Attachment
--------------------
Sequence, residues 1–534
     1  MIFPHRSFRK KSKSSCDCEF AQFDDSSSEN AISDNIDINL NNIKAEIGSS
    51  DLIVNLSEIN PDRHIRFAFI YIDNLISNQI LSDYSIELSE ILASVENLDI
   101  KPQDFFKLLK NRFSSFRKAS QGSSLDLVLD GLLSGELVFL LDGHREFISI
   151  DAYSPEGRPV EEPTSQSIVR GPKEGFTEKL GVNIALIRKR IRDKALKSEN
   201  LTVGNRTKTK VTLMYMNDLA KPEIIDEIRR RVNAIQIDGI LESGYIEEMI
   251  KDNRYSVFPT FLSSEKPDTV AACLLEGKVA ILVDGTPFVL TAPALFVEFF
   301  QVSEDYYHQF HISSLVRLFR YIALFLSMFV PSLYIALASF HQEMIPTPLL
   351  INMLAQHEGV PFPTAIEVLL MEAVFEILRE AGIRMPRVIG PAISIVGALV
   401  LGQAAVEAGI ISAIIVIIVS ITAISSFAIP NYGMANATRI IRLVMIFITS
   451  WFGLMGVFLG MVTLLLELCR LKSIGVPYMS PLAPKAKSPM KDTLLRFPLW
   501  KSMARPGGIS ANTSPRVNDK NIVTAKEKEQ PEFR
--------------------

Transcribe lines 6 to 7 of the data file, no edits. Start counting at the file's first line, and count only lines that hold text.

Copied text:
   201  LTVGNRTKTK VTLMYMNDLA KPEIIDEIRR RVNAIQIDGI LESGYIEEMI
   251  KDNRYSVFPT FLSSEKPDTV AACLLEGKVA ILVDGTPFVL TAPALFVEFF